Public Safety Telecommunicators Week

Dispatcher Kat Hersman answers a call during her shift at the Sheridan Law Enforcement Center.

April 11th through 17th is National Public Safety Telecommunicators Week. Sheridan Media's Mary Jo Johnson stopped by the Sheridan Police Station to chat with local dispatchers about their work.

With phones ringing and papers rustling, the Dispatch Center on Monday morning was bustling in typical fashion at the Sheridan Police Department.

In between taking calls and sending officers to various locations, Dispatcher Kat Hersman took some time to chat about her job. She alternates between focusing her calls for the Sheriff's Office and the Police Department. Hersman has been with Dispatch for 2 1/2 years, and she tells us what she likes about the position.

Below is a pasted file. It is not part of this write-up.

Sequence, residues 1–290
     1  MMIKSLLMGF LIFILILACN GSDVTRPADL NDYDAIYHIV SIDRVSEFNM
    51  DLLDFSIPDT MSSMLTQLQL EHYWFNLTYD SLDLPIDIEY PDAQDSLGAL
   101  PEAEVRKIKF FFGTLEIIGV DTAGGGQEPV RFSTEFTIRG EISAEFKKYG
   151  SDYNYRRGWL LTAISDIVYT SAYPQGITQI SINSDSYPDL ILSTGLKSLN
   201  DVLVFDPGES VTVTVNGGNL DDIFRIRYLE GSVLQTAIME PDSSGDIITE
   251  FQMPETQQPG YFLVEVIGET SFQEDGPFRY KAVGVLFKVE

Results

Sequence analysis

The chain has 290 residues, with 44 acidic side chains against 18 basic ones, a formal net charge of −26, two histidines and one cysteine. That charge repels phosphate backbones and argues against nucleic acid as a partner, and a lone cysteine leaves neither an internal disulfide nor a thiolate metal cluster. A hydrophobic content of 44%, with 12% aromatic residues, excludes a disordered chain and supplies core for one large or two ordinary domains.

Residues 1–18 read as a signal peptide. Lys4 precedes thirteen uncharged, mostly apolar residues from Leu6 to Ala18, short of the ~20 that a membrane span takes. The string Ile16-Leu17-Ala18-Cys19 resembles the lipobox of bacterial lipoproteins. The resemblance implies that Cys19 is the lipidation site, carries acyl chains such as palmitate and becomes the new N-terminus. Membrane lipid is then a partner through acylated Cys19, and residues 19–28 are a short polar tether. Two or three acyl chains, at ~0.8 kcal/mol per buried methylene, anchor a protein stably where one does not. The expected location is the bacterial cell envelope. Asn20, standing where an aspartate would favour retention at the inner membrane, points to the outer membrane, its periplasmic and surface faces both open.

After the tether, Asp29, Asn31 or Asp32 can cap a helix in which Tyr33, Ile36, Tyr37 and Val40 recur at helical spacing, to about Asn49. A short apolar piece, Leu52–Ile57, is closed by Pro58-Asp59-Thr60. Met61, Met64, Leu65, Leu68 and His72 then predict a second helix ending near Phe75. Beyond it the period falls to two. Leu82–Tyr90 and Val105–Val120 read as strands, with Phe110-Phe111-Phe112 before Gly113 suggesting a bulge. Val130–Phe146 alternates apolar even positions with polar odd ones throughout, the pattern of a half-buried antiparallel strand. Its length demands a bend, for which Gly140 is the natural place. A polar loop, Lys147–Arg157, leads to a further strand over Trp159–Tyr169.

Not surprisingly, there are challenges that come with the job, with stress being at the top of the list. Hersman says that getting people to understand that it is the dispatcher's job to prioritize what is a true emergency can be a challenge. Another big challenge is children thinking that dialing 9-1-1 is a game. For example, regarding the call you heard at the top of this story, Hersman says.

There are eleven full-time and one part-time dispatch personnel that cover three different shifts. They are really the unsung heroes of an emergency, and Hersman says that having a week to celebrate their efforts means a lot to the dispatchers.

Hersman says that the various emergency agencies in the County are good about acknowledging their work.

With my own thanks for their service to Sheridan County residents, for news, I'm Mary Jo Johnson reporting.

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